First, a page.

ramsesthenice

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I have a really upsetting case that I think is just a freek thing but I want to see if anyone else has any thoughts.

60 y/o female with an infiltrative unresectable pancreatic cancer. Rather than being a discrete mass, it was more of a sheet of tissue around her celiac and primary branches. She got 6 cycles of FOLFIRNOX and did well then I followed it up with 50.4 Gy to the primary. I know that LAP-007 did 54 but for unresectable patients I generally try to stick closer to 50.4 because I am not convinced 54 is better or worth the added risk of symptomatic bowel toxicity. In her plan the hot spot to the stomach was in the posterior antral wall and was 52.4 Gy (well within tolerance). She was on a PPI during treatment and had essentially no acute toxicity during treatment. Four months post treatment she came in anemic and had a bleeding ulcer in her posterior antral wall (so probably related to her radiation). After multiple interventions she ultimately required a partial gastrectomy because they couldn't control the bleeding. However, a week after surgery her Hb continued to drop and on repeat EGD they found that she had diffuse mucosal bleeding in her residual stomach and duadenum. She refused further intervention and since passed away.

Something is obviously weird. She should have had a very low risk of developing a symptomatic ulcer in the first place but why they couldn't control the bleeding is also odd (she had no known clotting disorders and her nutritional status was fine). Has anyone else had any unexpected severe GI toxicity in patients treated with neoadjuvant FOLFIRNOX? A lot of our patients are getting this and seem to be doing fine and given the good data in PRODIGE etc I am generally supportive of the approach but if other people are seeing anything it might give me pause. Honestly, I think it is probably just a horrible fluke. If we treat enough people we will sadly see these cases.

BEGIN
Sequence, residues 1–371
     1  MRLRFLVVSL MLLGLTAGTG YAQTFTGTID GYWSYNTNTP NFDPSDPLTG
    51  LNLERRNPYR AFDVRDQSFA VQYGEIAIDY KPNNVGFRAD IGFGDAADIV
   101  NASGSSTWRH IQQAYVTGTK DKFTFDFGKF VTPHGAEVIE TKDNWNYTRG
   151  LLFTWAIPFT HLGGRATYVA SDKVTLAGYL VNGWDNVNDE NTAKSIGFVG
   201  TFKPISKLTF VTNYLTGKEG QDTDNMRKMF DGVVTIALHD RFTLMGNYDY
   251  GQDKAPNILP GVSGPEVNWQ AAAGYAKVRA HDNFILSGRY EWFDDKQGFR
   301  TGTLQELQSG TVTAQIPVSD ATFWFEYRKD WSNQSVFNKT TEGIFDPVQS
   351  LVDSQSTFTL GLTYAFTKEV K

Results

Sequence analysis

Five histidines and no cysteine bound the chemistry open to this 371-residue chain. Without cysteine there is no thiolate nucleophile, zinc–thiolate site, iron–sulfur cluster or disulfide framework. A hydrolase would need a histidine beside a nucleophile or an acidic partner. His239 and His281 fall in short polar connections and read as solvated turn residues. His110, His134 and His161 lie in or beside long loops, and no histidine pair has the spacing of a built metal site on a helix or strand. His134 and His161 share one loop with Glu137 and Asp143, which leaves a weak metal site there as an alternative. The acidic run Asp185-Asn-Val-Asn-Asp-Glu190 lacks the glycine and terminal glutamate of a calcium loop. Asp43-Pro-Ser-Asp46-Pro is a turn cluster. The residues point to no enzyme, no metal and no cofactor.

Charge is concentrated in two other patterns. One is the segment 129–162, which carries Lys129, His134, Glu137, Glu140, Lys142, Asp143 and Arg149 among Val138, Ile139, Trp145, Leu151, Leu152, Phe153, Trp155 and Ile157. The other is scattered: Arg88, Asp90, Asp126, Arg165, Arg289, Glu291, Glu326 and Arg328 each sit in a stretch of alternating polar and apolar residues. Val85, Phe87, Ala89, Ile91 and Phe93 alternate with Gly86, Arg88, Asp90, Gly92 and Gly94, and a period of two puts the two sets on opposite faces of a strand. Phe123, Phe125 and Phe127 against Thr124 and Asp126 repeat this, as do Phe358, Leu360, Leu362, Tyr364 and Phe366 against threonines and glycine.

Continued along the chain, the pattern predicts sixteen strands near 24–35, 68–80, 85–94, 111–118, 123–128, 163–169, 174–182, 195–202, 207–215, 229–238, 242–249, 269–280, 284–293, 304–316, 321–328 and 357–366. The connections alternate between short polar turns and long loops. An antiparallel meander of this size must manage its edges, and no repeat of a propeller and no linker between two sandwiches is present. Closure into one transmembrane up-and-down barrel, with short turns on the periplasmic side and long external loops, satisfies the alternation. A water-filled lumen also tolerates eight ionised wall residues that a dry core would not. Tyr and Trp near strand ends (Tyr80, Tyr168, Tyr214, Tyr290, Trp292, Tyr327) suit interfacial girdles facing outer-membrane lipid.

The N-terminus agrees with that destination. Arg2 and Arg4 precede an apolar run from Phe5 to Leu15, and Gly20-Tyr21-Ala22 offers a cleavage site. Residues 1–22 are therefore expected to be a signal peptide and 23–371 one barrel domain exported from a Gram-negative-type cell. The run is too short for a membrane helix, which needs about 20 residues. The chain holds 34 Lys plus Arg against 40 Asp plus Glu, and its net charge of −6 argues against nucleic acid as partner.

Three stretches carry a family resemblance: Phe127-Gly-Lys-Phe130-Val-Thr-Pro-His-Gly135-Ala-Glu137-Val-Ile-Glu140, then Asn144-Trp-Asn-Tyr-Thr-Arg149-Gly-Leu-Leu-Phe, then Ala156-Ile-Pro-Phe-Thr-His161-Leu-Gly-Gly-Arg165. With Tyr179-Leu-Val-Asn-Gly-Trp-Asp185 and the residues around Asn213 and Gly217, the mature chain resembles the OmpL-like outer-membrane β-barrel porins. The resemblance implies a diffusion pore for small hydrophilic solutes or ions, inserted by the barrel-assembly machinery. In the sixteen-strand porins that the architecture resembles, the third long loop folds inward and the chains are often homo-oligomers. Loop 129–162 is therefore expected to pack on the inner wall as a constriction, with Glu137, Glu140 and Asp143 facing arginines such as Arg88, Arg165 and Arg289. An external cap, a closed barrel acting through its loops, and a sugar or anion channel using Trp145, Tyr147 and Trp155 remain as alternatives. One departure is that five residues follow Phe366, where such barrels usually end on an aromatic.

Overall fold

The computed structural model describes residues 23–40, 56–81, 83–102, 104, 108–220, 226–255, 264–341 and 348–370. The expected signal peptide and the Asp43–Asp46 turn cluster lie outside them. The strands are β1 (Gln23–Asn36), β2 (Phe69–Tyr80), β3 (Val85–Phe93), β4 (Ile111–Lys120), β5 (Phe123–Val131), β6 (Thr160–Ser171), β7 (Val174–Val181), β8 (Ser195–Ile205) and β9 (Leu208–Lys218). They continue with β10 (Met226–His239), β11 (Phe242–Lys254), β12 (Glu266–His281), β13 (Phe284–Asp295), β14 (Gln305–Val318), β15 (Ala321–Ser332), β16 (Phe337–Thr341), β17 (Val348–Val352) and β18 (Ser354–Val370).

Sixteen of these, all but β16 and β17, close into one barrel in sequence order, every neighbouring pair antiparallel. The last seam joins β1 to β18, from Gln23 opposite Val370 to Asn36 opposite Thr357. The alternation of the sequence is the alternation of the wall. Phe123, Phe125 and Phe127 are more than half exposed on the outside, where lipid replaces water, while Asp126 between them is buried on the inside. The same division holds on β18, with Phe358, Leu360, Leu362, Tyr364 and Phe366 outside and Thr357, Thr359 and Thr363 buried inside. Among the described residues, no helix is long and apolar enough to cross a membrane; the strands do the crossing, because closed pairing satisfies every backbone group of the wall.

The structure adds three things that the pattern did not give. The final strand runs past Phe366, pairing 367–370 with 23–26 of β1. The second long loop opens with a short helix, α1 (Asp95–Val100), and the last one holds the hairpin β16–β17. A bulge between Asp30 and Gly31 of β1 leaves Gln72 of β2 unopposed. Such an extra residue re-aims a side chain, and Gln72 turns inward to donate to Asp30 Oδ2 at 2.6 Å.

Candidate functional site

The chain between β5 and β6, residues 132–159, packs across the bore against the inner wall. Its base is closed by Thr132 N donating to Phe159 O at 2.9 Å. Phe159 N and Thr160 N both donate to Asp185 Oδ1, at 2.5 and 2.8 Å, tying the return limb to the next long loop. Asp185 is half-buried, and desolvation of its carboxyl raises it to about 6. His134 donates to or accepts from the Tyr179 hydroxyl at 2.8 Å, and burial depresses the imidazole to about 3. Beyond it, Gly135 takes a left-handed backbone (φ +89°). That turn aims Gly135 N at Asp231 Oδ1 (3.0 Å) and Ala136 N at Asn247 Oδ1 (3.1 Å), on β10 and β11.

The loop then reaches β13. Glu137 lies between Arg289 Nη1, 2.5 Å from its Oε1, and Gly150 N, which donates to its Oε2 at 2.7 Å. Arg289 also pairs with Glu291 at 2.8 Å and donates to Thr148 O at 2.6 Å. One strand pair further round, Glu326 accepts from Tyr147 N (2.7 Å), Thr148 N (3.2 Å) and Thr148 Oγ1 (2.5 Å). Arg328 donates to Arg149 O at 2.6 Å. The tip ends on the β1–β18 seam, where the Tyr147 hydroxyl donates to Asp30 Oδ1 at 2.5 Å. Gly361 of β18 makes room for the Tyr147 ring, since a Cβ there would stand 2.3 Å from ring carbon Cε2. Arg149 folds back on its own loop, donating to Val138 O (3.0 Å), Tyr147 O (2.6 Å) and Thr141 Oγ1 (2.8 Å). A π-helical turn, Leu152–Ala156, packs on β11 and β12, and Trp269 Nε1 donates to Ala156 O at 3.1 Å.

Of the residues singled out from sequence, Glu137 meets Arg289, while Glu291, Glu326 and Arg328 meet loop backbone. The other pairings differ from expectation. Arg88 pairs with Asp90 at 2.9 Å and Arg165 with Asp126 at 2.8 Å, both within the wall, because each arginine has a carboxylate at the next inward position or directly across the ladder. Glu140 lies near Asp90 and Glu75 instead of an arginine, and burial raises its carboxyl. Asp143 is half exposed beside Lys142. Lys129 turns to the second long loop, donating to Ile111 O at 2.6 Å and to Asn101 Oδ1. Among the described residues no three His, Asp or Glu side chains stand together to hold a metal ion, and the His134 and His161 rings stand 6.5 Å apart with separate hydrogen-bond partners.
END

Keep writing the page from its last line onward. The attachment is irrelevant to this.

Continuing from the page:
seper

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I think 3-5% risk of severe mucosal bleed is expected after 50 Gy to upper GI,if patient survives long enough. No wrong was done here. Hope you put that into your consent.
 
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ramsesthenice

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What chemo did you treat with during rt? The folfirinox?
No. Xeloda.

I think 3-5% risk of severe mucosal bleed is expected after 50 Gy to upper GI,if patient survives long enough. No wrong was done here. Hope you put that into your consent.
I think that is a bit of an over estimate. If that were true then studies like LAP-007 should show a lot more severe toxicity than they do (look at the recommended margins and dosing). But I agree that it certainly is a risk and it was absolutely in the consent form and something I discuss with every patient.
 

evilbooyaa

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I wouldn't really be super enthusiastic about anything approaching a 105% hotspot being squarely within the stomach for a pancreas case.

Given that it was only in the area getting radiated, there's probably a (potentially subclinical) radiation sensitivity syndrome that the patient had potentially. I wouldn't expect a 5% risk of severe mucosal bleed with upper GI above 50Gy. You can see if your duodenum volume constraint was exceeded in hindsight (Emami states V45 < 33%, but that's probably not validated).

If you're seeing it with any sort of frequency (more than like n=5) then you could do a dosimetric analysis if you're treating any reasonable amount of LAPCs. Usually catastrophic radiation events with a dosimetric analysis get respect.
 

ramsesthenice